6. Follow your passions (hint: they may change). I'm not particularly passionate about a subject like real estate, economics, or art.  But I have discovered that I'm extraordinarily passionate about growing small companies into bigger ones NO MATTER WHAT THE SUBJECT MATTER.  It took me a while to gain the perspective and breadth of knowledge to grasp this. But when I did, doors began opening for me.  If you love an industry or segment, you may want to get some experience in any part of the value chain you can.  I bet if I took a job sweeping the shop floors at a NASCAR team's garage just out of school, I'd be a marketing executive by now. 

7. Embrace technology and be an early adopter.  This does NOT mean become a programmer!  Learn how to use all of the technology tools that successful companies use.  There's nothing more powerful than "the girl who just seems to know how to do it all".  It doesn't seem like it, but it will become harder keep up when you get older so consciously extend beyond your comfort zone throughout your career or you'll get passed by.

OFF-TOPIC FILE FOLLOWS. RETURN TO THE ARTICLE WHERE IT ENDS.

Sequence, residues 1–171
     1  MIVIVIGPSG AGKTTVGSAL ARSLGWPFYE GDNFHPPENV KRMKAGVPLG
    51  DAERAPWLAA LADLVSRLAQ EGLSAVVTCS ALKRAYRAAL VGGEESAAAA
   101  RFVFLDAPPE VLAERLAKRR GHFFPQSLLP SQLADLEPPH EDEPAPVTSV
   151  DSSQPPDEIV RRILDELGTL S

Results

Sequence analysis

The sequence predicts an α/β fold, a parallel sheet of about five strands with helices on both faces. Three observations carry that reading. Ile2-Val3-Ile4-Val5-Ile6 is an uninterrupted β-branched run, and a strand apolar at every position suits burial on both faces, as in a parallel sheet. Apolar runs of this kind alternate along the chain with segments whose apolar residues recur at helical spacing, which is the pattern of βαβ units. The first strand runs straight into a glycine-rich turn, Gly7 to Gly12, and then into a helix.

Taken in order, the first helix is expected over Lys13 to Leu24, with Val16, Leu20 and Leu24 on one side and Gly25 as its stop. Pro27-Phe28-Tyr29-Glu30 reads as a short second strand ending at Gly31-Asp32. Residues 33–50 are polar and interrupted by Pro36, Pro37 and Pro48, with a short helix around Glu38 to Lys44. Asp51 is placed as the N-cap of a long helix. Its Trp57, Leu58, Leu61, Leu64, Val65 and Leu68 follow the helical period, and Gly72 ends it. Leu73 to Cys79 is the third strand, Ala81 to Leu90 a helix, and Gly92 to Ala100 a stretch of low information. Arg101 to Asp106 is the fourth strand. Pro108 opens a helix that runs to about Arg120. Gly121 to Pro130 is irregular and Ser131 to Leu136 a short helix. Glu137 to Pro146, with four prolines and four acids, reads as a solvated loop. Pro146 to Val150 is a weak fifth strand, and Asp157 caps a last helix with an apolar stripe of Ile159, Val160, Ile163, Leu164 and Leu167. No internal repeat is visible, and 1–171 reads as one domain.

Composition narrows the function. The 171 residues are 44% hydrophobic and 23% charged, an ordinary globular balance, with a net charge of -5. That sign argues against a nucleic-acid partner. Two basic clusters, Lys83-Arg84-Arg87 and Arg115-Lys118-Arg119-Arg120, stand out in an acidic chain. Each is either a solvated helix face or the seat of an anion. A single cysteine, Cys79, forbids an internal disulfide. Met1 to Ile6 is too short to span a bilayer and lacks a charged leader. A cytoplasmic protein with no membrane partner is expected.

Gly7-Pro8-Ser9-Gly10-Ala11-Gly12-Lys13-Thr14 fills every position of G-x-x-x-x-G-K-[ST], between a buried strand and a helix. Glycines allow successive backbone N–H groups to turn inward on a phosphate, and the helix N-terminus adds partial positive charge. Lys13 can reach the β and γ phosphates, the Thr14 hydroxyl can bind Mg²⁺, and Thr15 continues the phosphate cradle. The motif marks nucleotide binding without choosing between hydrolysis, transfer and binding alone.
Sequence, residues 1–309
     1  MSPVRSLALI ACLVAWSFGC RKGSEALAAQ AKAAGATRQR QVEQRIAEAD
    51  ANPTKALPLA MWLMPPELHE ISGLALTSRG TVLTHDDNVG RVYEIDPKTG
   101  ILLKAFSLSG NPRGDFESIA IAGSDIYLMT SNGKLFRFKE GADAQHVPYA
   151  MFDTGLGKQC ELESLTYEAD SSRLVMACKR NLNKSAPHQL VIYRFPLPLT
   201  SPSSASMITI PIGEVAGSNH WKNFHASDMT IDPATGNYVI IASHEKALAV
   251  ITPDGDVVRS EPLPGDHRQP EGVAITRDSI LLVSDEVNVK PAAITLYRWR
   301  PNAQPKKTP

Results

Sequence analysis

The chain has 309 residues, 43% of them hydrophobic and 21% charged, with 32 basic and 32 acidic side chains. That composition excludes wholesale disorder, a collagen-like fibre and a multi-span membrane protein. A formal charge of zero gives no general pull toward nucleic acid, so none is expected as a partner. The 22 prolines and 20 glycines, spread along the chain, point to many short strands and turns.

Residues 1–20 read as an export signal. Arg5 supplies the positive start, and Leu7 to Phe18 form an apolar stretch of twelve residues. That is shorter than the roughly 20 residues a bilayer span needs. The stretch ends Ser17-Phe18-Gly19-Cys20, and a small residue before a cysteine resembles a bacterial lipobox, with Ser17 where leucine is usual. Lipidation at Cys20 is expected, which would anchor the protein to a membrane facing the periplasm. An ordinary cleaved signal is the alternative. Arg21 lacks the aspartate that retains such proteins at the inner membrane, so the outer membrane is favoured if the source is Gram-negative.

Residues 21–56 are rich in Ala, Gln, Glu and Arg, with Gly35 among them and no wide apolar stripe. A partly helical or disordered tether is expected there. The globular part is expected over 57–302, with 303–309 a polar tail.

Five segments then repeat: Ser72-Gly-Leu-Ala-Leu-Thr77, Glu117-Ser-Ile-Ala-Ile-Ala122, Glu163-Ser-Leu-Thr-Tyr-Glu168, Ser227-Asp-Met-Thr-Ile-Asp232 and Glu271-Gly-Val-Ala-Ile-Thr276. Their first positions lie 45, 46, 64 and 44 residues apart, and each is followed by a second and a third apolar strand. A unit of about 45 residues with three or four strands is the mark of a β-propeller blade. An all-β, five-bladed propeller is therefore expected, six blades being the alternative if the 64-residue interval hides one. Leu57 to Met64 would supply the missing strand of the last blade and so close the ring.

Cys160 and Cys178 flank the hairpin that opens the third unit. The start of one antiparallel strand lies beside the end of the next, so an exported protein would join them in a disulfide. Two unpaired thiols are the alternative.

8. Consider the option of NEVER getting a "real job". Self-employment may not be everyone's first best destiny, but you may not know until you try.  It may seem safer to be employed by someone else, but I'd beg to differ.  If you have it in you, do it.  I'd rather see try and fail vs. never try. 

9. Dress Well.  It's advice that seems to be missing from the "Golden Rule" list when growing up these days.  It's NEVER harmful to be the best dressed person in a room.  You will command more respect by being well dressed.  If you don't know what looks good, seek help. 

10.  Have initiative. Take on tasks and roles that extend beyond your comfort zone and knowledge base.  This could be the largest single factor in your success.  Immerse in something new.  Passionately obsess about something until you know more than most about the topic.  Do this enough times, and you'll find yourself able to participate in a much larger sphere of influence.  Nothing pleases me more than hearing, "I don't know how to do that, but I'll figure it out and have it done shortly."

In need of graphic artist

Hello all.  I'm looking for:

  1. A graphic artist on the cheap.
  2. A struggling student artist who will do something for me and reap the credit when everyone sees his/her work.
  3. Someone that can take a scene, let's say with two people in it, and turn that scene into a "line drawing" or curvy outline image that conveys the same scene as in the movie but only with outline.  I'm sure there's a term for this in the business but I don't have a clue.
  4. I'm trying to create a graphic that will go onto a t-shirt and other logo type items.

If you can help or direct me toward these persons, I will be most grateful.  Budget is $50-$100.  I have a very clear vision of what's needed so there won't be a lot of "paid discovery" time.

Thanks all!

The Secret